Selling Wine Before Its Time

Illustration by Luisa Jung

Once upon a time there were just a few destinations, hotels, and restaurants readily identified as iconic. These descriptions usually flowed from their unique atmospherics, their commitments to superior service, and consistently delivering culinary delights that earned them a truly enviable reputation. In essence as well as substance, iconic enterprises are characterized by fidelity. Faithful patrons have learned the quest for authenticity is only rewarded along a critical pathway that leads to full satisfaction. As if by contrast, the experience gained by not paying attention to the road ahead or where we’re going, typically yields a fleeting gratification at best, , , if at all.

The entrepreneurs of yesteryear usually identified a need within the community and then worked diligently; rising to meet that need. Today, the business plan often starts with a cool looking icon drawn on a cocktail napkin. In true style over substance fashion, identifying and delivering on promises made to the ultimate consumer can be an afterthought. The brainstorming sessions focus on the aspirational while the essential functions are relegated to an oft neglected category as backfill. Such an approach to entrepreneurship often gives short shrift to even the most foundational considerations.

Consider the promise of personalized medicine and, specifically, the recent Theranos experience. The marketplace is crowded and delivering on the promise of personalized medicine can be lucrative. Even disciplined business professionals usually have to compete with the ruffles and flourishes of forward looking statements contained in their rival’s fundraising prospectus. The idealistic goals put forth are probably yet to be realized. However, the legal consequences for damages, when others rely on such statements, are mitigated through disclaimers.

We have become acclimated to the current reality dynamics. Rightly or wrongly, we’ve come to accept a simple fact: When competitive pressures are on the rise, the line between potentials and actuals can become blurred. As more and more attention is devoted to the next raisin’, less and less mind-share is made available to focus on the fundamentals.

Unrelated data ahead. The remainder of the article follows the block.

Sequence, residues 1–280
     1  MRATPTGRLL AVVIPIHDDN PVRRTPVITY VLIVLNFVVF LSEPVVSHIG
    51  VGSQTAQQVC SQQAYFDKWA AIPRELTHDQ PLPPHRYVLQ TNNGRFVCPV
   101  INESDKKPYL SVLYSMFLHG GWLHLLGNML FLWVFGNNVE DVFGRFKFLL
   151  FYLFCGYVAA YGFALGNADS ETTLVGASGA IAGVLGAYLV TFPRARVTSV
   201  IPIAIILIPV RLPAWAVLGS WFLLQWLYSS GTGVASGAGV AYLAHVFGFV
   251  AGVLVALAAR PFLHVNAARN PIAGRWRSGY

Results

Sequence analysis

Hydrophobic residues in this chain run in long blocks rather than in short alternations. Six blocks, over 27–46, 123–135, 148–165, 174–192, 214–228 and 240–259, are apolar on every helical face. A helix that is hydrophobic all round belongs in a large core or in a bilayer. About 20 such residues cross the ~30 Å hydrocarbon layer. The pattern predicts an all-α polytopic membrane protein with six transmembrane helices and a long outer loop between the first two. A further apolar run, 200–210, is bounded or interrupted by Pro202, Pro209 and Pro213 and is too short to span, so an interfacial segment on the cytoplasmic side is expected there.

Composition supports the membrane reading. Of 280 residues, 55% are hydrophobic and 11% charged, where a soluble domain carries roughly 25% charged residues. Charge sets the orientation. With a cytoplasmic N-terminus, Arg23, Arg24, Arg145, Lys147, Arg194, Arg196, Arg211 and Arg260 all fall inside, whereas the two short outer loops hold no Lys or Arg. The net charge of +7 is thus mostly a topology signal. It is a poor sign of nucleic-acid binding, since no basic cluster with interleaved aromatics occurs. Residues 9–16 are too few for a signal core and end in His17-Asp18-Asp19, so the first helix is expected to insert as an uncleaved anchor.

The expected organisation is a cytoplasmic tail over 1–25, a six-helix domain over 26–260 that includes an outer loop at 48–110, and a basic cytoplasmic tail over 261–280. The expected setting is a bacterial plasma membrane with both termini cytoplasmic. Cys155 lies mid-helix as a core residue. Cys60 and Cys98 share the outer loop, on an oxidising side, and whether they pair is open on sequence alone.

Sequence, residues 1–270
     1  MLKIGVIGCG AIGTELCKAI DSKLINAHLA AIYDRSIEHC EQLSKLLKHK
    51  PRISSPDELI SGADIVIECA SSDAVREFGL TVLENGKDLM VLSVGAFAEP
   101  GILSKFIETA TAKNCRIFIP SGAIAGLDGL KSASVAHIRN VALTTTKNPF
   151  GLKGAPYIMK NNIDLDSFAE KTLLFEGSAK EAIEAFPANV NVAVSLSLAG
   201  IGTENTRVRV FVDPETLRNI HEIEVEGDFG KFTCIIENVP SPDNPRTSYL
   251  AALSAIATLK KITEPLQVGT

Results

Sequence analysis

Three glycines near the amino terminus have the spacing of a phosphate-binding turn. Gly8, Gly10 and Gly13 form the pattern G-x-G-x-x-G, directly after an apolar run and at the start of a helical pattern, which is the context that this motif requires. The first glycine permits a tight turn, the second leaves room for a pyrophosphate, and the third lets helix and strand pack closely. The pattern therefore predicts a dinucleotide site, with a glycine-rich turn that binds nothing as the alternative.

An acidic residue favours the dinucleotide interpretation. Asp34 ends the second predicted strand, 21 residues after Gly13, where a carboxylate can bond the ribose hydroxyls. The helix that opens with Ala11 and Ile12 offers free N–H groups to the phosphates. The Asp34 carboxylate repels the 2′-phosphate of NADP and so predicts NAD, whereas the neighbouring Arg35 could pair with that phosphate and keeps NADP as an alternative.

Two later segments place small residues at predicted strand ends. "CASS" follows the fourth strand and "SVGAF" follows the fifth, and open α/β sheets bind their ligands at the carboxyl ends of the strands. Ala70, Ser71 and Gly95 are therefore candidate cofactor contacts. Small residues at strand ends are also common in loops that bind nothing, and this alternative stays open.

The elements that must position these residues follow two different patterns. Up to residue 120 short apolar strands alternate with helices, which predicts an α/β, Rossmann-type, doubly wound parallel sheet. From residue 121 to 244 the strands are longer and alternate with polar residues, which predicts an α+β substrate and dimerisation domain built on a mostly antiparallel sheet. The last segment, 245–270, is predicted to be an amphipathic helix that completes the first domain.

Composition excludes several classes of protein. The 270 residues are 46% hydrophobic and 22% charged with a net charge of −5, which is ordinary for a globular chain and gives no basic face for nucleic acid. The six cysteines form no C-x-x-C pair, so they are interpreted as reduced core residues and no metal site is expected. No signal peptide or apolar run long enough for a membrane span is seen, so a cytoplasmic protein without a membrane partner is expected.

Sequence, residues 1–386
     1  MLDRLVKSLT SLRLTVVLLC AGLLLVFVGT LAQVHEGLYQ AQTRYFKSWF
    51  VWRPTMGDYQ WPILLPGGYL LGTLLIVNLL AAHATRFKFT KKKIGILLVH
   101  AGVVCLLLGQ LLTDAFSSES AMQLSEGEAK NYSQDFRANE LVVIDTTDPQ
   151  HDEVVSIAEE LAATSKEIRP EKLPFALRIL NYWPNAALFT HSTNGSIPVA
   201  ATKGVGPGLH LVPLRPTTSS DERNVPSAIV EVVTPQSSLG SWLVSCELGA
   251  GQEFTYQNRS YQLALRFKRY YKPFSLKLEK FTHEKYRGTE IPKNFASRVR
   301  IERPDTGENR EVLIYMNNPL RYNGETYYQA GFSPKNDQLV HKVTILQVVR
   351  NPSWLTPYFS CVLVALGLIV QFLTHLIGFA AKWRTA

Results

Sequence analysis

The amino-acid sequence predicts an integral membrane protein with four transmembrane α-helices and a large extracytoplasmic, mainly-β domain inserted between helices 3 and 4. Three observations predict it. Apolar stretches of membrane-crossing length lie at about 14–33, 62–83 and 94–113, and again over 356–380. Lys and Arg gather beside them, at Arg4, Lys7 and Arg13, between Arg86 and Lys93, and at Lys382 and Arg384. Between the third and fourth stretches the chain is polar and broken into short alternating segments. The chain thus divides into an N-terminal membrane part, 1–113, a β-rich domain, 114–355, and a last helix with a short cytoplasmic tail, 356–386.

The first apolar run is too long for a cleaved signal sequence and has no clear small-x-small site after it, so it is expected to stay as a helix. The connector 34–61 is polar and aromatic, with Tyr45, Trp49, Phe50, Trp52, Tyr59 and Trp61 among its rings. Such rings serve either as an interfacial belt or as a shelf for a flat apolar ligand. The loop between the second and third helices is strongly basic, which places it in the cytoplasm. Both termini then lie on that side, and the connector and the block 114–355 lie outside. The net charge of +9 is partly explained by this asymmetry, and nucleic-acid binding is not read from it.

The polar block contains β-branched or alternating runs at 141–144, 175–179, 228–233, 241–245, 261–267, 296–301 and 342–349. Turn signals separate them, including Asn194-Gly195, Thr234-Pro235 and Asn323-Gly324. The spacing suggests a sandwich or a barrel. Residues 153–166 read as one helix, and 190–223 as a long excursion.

Theranos was not a lemonade stand. It was a highly complex startup with many moving parts. The idea that the skill-set required to be a tech industry entrepreneur, are somehow comparable to that of a custodial CEO riding a mature legacy business, puts the value proposition and the global competitiveness for our country on a plane of unreality. The future focused visionary is an essential component, as is the custodian. And, complementary relationships, with compatible talent, do not just occur independent of time. They are carefully and methodically forged.

In the mid 1980s, I served as one crazy-assed visionary for a Fortune 500 company that manufactured computer, television, broadband network, and cable television products. My job was to do product development in a way that leveraged such a unique product complement during a time when computer based imaging was considered to be too specialized an application to have any real market potential. While there were others in the company that shared my team’s enthusiasm for such an intrepreneurial effort, I was not an engineer. The company assigned an electronics engineer, who just happened to be a vice president, to my case. His job was to remind me of the laws of physics while also insuring that I was properly provisioned.

As a product development guy, foremost in my mind was what the customer wanted. It was way too easy to step in sumthin’ when your main customer was the Federal Government. So I was grateful that I was teamed up with a VP that was also a double E. In federal contracting that line, between actuals and potentials, was extremely important if you wanted to avoid jail time. And so, maintaining a timeline that accurately reflected the likelihood of product availability was key to survival. To this end I also made sure the government agencies I worked with had, in their possession, prototypes of my products so they could see the true functionality at any given time within the product lifecycle.

There are always things you can do to protect your enterprise from any claims of misrepresentation. The discipline required to actually do them, in the face of unrelenting commercial and political pressures, requires focus and persistence. For most entrepreneurial efforts the leading edge in the marketplace is seen as the bleeding edge because you are typically hemorrhaging money at the outset. Tesla was an exception. By selling the first Roadsters to the wealthiest individuals among us for $109,000, the company was able to recoup most of the development cost for its early prototypes. By early 2021, you could buy a standard range Model 3 for under $42,000.

Clearly Theranos could have and should have done things differently. Somewhere between the vision and the implementation, investors were misled. And while there is always a cost associated with full disclosure, that company might have survived after working out the kinks in their production chain in a more forthright manner. Unfortunately, we’ll never know. But one thing is certain. Personalized medicine will become real just as surely as I’m able to watch a movie on my computer-based handheld imaging device.

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